I passed the polished stone tribute to Doug Fullerton and thought of Ottawa’s other weather-plagued festival. It was Doug who invented the Rideau Canal Skateway, the longest skating rink in the world, which led to Winterlude, which led to god only knows how much wealth for Ottawa merchants. Not only that. Fullerton, an affable economist who had put the Canada Council on a sound financial footing as its investment guru before being handed responsibility for the NCC, understood the importance of people and spaces in urban planning. He conceived and had built, I quote from his stone near Patterson Creek, "the network of recreational pathways that weave their way through the National Capital Region, uniquely linking waterways, green spaces and the urban core." Hard to believe he only held the job for four years, 1969-73.
Then I thought of David Luxton, who rescued the tulip festival when it was about to go under a few years back and has been its moral centre as well as its chief idea guy ever since.
Not that he’s around a lot. The last time I had seen him was over a year before. As we were chatting, he excused himself while he took a few brief calls. He spoke in English, French, German and Arabic. He was spending much of his time in Afghanistan and other exotic places. He often moved, he mentioned, in a convoy of armored vehicles. He’s not an arms dealer. More an anti-arms dealer. It just happened that when the weapon of choice for terrorists became the improvised explosive device (IED), David Luxton had the antidote — electronic gear that jams cellphone-triggered improvised bombs. Not a hundred percent effective, of course. This is war after all and a hundred and fifty five Canadians have died, almost two out of three of them as the result of IED explosions. But there could be hundreds more casualties, and thousands more in other armies now engaged, without the kind of protection David’s company provides.
There’s enough deep geothermal to power all of Canada. So why can’t we try just a bit?
Posted by Tyler Hamilton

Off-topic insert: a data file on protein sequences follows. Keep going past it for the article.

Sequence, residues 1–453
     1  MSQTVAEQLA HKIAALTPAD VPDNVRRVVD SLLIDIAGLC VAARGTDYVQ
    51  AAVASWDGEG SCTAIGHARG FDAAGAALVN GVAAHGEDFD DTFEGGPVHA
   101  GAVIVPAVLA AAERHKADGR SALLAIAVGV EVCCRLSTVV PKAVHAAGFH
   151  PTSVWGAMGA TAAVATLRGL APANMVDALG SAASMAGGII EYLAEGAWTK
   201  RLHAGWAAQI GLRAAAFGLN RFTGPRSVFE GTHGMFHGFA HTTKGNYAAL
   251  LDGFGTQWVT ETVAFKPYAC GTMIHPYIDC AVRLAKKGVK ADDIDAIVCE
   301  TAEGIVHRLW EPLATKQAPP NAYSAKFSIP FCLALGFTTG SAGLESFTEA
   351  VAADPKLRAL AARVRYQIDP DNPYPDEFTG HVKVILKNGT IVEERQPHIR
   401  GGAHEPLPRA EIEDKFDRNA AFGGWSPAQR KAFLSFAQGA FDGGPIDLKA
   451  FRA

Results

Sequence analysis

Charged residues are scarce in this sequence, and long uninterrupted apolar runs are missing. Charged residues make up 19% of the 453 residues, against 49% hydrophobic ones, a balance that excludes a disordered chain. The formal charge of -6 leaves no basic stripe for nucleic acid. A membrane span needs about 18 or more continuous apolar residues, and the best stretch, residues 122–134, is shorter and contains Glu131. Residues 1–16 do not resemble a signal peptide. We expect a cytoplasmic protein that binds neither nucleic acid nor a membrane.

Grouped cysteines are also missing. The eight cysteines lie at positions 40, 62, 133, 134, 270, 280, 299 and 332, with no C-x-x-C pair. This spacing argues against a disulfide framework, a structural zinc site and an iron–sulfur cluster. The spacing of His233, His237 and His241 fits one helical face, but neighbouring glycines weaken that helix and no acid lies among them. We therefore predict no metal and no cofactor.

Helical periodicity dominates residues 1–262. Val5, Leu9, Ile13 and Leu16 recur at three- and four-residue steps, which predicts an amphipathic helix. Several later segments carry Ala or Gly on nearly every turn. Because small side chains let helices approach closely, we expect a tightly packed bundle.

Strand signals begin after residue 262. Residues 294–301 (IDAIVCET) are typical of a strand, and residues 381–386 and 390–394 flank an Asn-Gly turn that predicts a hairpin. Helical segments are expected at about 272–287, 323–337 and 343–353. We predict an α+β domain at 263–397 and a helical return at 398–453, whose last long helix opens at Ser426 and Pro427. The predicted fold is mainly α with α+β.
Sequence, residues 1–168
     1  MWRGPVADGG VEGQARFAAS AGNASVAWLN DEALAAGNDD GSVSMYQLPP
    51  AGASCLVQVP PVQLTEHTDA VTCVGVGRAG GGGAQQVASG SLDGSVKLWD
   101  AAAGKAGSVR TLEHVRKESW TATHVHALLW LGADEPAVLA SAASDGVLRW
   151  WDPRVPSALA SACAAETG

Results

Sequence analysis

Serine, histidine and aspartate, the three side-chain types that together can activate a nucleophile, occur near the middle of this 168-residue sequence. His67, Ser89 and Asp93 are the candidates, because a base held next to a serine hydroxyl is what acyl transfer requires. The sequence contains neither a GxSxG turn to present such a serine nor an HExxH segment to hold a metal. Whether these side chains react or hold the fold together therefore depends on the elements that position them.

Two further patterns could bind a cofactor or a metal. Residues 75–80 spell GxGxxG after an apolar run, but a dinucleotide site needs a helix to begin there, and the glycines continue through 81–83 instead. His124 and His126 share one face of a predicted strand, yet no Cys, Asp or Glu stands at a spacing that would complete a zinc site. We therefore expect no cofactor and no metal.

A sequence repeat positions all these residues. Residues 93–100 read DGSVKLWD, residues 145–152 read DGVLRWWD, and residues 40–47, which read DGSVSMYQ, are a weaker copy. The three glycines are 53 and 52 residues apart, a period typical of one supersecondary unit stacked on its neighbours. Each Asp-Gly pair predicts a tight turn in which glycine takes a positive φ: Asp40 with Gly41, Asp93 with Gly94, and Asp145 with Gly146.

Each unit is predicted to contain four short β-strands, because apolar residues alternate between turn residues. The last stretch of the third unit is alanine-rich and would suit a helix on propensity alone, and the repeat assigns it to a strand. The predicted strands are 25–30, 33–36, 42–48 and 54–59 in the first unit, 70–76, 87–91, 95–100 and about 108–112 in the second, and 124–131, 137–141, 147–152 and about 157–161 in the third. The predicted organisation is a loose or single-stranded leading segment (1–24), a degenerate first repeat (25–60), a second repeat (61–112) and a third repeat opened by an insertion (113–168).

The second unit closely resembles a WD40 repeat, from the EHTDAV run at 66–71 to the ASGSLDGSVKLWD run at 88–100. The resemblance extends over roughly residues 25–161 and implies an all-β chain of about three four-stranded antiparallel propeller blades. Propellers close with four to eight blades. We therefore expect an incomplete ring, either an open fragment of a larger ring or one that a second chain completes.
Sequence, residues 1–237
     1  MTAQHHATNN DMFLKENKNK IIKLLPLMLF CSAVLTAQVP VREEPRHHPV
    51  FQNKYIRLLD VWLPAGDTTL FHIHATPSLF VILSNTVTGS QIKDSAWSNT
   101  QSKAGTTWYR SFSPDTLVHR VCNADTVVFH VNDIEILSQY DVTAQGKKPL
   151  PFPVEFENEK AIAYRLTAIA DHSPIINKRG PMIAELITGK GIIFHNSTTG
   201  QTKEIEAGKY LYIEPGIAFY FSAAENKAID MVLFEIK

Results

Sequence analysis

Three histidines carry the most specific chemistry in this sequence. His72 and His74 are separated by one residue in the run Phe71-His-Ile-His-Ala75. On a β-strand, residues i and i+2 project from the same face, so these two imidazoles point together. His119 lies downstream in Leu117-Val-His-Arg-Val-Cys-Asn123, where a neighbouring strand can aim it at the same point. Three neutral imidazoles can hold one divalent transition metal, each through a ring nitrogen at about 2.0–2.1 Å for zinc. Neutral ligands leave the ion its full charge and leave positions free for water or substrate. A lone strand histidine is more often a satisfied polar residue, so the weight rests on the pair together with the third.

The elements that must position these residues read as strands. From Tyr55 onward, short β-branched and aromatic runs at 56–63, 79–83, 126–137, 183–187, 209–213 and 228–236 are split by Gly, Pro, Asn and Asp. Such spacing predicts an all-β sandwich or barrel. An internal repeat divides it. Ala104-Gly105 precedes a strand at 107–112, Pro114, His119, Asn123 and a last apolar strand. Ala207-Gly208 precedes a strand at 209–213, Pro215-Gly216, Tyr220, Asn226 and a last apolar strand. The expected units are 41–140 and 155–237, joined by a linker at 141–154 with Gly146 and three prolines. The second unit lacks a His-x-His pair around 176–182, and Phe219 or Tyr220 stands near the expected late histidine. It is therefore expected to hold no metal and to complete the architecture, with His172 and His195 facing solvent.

How much power generation in Canada comes from geothermal energy? Zip. Zero. Zilch. Nada.
How much of Canada could be powered by geothermal power? All of it. Many times over.
There is, of course, a catch or two. Cost is one. Location is another, because not all the best sites are near population centres. Still, as two studies from Canada’s top geothermal researchers show, there’s a heck of a lot of geothermal resource to work with if we tried. And as I point out in my Clean Break column , geothermal could be just as significant a contributor to Canada’s power needs in 20 years or 30 years as hydroelectric power is today. Again, that’s if we tried.
Stephen Grasby, a geologist with the Geological Survey of Canada, and co-author Jacek Majorowicz, an Alberta-based geothermal consultant, have come out with two studies looking at enhanced geothermal system (EGS) potential in Canada. One study will appear online this month in the Journal of Geophysics and Engineering (I was expecting it out by now). It looks at the overall potential of EGS in Canada. Another just published study, this one in the journal Natural Resources Research, looks specifically at high-potential regions where EGS development would offer the biggest bang for the buck. “Results show areas with significant EGS potential in northern Alberta, northeastern British Columbia, and southern Northwest Territories related to high heat flow and thermal blanketing of thick sedimentary cover,” they wrote. “Estimated installation costs in 2008 dollars are under $2 million per megawatt.”
That’s about $6 billion for 3,000 megawatts — more than competitive with nuclear, not just with respect to capital costs, but also operational and maintenance costs. Also, none of the high costs associated with storing spent fuel indefinitely or with decommissioning old plants. This figure, of course, is for developing the most promising EGS projects. Cost will rise depending on location, rock conditions, availability of an outside water source, and depth of required drilling. Still, the studies make clear the opportunities are immense. The Geophysics and Engineering study, for example, said projects could be developed right across the country, including parts of Ontario, if you drill deep enough. Over time, as drilling costs fall and expertise of EGS climbs, this could happen one day.
“At 10 kilometres we can expect EGS temperatures in the 150 to 200 degrees C range across most of Canada, except some areas of the Canadian shield,” wrote Grasby and Majorowicz. “Given the widespread distribution of geothermal energy, and the high energy content, the potential geothermal resource in Canada is significant,” they concluded.
Sure, there’s risk to heading in this direction, just as there was risk of investing in the early days of the oil sands or nuclear industry. I would argue there’s much more risk drilling for oil offshore in the deepest ocean waters. For example, an accident could happen and you could end up with the equivalent of an oil volcano erupting kilometres below the surface. (Okay, now I’m being facetious).
The fact remains: geothermal power is baseload, it’s clean, it’s plentiful, and it can be done using proven drilling and rock fracturing techniques in Alberta’s oil patch. The Canadian Geothermal Association is targeting development of 5,000 megawatts of geothermal power by 2015 using conventional techniques. Imagine, if we started doing that development now in parallel with EGS research and development, what we could accomplish by 2030? It could be possible to wean Alberta entirely off coal, for one, and it would put us in a good position as we move to electrify the transportation sector.